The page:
The Reading List (Winter, 2018)

It'll soon be time for another Reading Wee--wha? It's over already? Well, it sure didn't last long. (I swear, a week isn't as long as it used to be.) I did actually spend some time reading--mostly papers on neuromagic, but even more time frantically writing my lecture on neuromagic. (It's for PSYCO 403: Advanced Perception, if you're interested).

Anyway, I've got a backlog of books I've read going back to, er, 2016. (I swear, a year isn't as long as it used to be.) I posted some of my favourite recent graphic novels last time; this time it's some random nonfiction.

Head in the Cloud: Why Knowing Things Still Matters When Facts Are So Easy to Look Up by William Poundstone
Why do you need to know anything anymore? In a world with Google, what is knowledge worth? William Poundstone argues that it may be worth more than you think. This book, based on original survey research, catalogs the many things that people don’t know. It’s shocking. Would you be able to identify Johann Sebastian Bach in a photo? Do you know the sun is a star? Did you know research shows that people with more general knowledge (e.g., trivia) have higher incomes and are happier (Admittedly, it is just a correlation.) When you phone battery dies, you might start to realize just how little you actually know...
Gastrophysics: The New Science of Eating by Charles Spence
Spence won the Ig Nobel Prize for his study, in which he amplified the sound of a person eating a Pringles potato chip to make it seem fresher and crunchier. Yes, seriously. This book describes how our experience of food is affected by taste, smell, sight, sound, and touch, as well as the atmosphere, the people you are eating with, and more. Some of the most fun parts are his accounts of the often bizarre world of high-end restaurants. Imagine eating in the dark, or with your hands. How about eating food off a tablet computer? Or being spritzed in the face with scent as you eat? Loads of great perceptual psychology for anyone who eats food. I’m recommending this book to students of my PSYCO 403: Advanced Perception course.
Touch: The Science of the Hand, Heart, and Mind by David J. Linden
My area of training as a graduate student was perception and psychophysics, specifically how the skin processes information, so this book grabbed my attention right away. Be aware that an understanding of our sense of touch is going to require some biology. Terms like HPA axis, stratum corneum, dorsal root ganglia, ventroposterolateral nucleus, and TRPM8 receptor get thrown around a lot--maybe a bit too much for a popular book. If you can get past that, there are some interesting discussions of “hot” and “cool” taste sensations, the nature of itching, touch illusions, and the social nature of touch (yes, that includes sexual touching). I’d recommend taking PSYCO 367: Perception before reading this book.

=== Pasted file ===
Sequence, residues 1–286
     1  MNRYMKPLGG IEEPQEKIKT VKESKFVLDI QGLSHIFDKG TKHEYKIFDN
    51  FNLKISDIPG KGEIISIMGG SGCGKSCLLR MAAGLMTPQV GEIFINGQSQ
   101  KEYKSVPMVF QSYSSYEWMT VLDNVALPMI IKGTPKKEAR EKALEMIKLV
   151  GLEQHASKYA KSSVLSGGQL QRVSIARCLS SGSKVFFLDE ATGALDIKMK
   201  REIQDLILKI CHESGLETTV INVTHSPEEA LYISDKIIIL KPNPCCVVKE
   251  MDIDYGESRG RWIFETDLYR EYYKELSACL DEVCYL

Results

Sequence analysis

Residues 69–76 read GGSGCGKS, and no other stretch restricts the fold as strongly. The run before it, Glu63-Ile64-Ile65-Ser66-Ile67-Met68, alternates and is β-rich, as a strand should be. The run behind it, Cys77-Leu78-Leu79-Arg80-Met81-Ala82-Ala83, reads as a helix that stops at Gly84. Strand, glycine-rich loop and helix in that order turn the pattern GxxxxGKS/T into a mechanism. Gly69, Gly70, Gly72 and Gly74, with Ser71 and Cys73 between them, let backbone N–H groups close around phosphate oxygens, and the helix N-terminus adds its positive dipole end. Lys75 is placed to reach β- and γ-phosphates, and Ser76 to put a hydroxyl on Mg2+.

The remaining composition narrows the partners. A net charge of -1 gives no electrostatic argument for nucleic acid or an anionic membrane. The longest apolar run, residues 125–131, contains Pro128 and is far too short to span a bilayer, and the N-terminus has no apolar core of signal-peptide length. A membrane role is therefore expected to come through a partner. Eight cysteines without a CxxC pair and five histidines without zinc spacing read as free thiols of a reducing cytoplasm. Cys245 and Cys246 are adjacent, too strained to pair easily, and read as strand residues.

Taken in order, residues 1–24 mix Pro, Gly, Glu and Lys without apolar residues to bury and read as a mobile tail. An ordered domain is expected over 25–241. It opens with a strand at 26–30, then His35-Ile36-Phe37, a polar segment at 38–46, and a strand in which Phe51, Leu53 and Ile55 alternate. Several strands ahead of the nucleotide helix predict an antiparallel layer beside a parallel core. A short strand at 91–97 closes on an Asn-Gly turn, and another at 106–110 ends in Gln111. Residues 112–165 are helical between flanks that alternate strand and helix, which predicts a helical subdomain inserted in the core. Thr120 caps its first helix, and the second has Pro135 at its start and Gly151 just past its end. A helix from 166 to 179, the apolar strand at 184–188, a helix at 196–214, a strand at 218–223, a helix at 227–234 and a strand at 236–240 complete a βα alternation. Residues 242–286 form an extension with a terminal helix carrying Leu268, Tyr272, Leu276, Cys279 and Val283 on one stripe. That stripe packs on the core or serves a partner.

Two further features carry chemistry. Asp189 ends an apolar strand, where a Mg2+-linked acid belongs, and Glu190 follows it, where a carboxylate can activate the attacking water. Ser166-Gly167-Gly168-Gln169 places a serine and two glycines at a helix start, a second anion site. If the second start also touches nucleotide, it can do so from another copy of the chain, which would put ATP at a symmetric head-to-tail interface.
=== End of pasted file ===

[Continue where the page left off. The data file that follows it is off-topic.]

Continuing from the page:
See What I’m Saying: The Extraordinary Powers of our Five Senses by Lawrence D. Rosenblum
Yup, another book about perception! (Remember: I’m a perception geek.) Rosenblum’s thesis is that we don’t give our senses enough credit; we focus more on the limitations of our senses. But there are more to our senses than most people realize. This book is not a catalog of our senses; rather, it delves into particular phenomena that highlight extraordinary abilities--some of which are displayed by only a small number of people. Many of these cases will be familiar to students of psychology: the blind man who rides a bike using “sonar,” how molecules in human sweat may synchronize women’s menstrual cycles, and the curious phenomenon of synesthesia. Another recommendation for students of perception.
Selp-helf by Miranda Sings
Why did I read this book again? She was funny or something? If you really love Miranda Sings, you’ll--well, you’ll probably tolerate this book. Just like the real Miranda, it’s best in small doses. Like, really small doses. In fact, you’re better off watching Miranda on Jerry Seinfeld’s Comedians in Cars Getting Coffee (season 5, episode 4, available on Netflix). That episode made me laugh out loud. Hey, not all these books are winners. Wait--this book was on the New York Times bestseller list? I just can’t anymore...

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